NEW YORK (AP) -- Shares of freight railroads rose Monday, regaining some of the losses they suffered last week amid signs of soft demand for hauling coal.
An analyst for Citi lowered his estimates for railroad earnings this year, but mainly left 2013 forecasts unchanged, saying that softness in shipping demand was likely to be temporary.
Norfolk Southern said last week that lower coal shipments and a decline in fuel surcharges would cause it to earn less than analysts expected in the third quarter. The warning sent Norfolk's shares down 9 percent in one day and raised concern about other railroads.
Railroads are seeing their coal-shipping business decline as utilities shift from burning coal to cheaper natural gas.
Citi analyst Christian Wetherbee said in a note to clients Monday that he was reducing estimates for 2012 earnings for several railroad operators by an average of 6 percent. But Wetherbee took a glass-half-full approach to the longer term, leaving 2013 profit forecasts unchanged other than an earlier reduction for Norfolk Southern.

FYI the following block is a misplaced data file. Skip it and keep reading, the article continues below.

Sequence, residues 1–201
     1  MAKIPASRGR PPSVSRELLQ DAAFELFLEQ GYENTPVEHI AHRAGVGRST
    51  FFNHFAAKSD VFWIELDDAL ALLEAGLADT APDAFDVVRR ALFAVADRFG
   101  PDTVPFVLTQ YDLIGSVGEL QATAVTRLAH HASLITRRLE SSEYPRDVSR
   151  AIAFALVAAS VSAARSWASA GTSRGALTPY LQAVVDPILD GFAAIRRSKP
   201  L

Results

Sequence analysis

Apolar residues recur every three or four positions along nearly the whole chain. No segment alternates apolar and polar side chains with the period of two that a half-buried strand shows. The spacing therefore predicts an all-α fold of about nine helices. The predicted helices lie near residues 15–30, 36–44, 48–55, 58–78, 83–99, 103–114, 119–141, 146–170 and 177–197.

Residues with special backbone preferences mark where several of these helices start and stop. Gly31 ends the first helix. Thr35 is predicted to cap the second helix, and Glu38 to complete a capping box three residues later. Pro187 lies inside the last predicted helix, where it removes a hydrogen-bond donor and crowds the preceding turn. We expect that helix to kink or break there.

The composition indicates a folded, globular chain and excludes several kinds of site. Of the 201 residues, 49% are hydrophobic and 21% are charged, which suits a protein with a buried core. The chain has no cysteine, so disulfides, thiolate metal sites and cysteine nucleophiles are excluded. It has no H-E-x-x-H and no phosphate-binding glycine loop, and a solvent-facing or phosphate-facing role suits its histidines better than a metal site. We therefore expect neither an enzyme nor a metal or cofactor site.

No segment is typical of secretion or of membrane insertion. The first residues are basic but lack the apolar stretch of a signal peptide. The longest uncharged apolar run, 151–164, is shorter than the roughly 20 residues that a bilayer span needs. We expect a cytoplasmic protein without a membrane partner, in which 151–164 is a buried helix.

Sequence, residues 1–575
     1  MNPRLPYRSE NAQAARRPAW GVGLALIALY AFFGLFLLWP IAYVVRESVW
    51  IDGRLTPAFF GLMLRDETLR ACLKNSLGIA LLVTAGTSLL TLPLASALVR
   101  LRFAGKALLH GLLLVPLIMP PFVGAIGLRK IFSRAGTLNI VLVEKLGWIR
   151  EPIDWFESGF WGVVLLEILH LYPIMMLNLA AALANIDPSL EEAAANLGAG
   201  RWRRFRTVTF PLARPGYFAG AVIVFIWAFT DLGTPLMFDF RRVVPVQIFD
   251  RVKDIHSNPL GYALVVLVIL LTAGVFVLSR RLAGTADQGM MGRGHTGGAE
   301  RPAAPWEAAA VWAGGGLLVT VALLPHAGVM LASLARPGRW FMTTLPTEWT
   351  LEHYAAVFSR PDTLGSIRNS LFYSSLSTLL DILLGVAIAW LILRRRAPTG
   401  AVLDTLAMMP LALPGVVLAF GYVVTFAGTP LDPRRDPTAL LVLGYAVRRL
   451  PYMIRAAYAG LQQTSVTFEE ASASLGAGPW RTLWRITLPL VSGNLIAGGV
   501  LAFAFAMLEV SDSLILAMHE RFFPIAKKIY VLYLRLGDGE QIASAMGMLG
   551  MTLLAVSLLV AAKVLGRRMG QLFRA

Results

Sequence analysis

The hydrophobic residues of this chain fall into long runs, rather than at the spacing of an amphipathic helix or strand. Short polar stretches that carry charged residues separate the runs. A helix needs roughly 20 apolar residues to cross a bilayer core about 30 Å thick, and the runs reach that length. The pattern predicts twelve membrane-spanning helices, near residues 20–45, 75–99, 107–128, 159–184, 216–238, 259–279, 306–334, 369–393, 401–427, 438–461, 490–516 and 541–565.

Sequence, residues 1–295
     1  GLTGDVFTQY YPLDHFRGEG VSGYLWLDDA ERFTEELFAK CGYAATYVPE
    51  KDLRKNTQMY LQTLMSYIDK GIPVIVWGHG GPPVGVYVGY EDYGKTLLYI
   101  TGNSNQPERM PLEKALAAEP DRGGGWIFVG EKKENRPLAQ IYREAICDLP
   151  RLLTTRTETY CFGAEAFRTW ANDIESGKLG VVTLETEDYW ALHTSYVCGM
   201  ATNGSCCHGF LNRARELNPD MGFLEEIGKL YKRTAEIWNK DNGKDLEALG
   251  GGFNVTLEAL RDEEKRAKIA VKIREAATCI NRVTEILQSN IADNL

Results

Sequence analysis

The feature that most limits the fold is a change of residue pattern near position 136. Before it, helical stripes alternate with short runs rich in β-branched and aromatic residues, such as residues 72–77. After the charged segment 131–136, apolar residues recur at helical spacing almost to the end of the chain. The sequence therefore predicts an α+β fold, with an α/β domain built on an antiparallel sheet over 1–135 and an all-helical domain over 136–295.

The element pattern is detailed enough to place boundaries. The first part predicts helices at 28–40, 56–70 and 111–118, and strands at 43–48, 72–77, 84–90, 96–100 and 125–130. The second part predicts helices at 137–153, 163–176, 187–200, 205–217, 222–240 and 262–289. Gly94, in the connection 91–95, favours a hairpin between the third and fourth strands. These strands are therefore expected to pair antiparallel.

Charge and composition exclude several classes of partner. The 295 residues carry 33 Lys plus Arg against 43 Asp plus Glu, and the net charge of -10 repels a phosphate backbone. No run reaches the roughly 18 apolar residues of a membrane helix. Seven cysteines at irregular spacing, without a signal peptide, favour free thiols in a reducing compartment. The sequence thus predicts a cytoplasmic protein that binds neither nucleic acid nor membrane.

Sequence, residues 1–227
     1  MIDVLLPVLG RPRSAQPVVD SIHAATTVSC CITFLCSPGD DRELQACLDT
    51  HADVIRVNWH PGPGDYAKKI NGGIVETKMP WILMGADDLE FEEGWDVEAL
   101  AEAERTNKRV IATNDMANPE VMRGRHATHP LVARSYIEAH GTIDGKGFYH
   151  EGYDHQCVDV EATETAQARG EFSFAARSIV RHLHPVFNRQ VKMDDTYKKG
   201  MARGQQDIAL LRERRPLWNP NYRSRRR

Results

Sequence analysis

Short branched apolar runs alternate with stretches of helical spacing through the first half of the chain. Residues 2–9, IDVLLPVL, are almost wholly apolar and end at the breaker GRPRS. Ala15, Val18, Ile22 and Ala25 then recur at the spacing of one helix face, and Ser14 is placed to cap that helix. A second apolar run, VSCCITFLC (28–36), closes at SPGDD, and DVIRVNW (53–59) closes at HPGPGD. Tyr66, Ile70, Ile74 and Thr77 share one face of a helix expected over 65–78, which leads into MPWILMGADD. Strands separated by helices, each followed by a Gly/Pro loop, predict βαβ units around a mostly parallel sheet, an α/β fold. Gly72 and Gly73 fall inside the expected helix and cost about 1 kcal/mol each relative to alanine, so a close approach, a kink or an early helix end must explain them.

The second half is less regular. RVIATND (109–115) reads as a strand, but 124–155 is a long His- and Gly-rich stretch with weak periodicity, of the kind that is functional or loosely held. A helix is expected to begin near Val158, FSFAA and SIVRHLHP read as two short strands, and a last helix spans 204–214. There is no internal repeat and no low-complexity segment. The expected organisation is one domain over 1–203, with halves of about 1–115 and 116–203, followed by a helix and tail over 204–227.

Wetherbee said that Norfolk's scare was mostly limited to volatility in that company's fuel surcharges and softness in demand for coal that is exported and used in steel making.
The analyst said railroads overall were "still on track" because of exposure to better areas of a weak economy, including autos. After the recent drop in railroad stock prices, Wetherbee said, they were a good value.
Shares of Union Pacific Corp. rose $1.70, to end Monday trading at $121.07. Norfolk Southern Corp. gained $1.29, or 2 percent, to $66.29; CSX Corp. picked up 23 cents, to $21.36; and Canadian National Railway Co. added $1.29, to end at $89.36.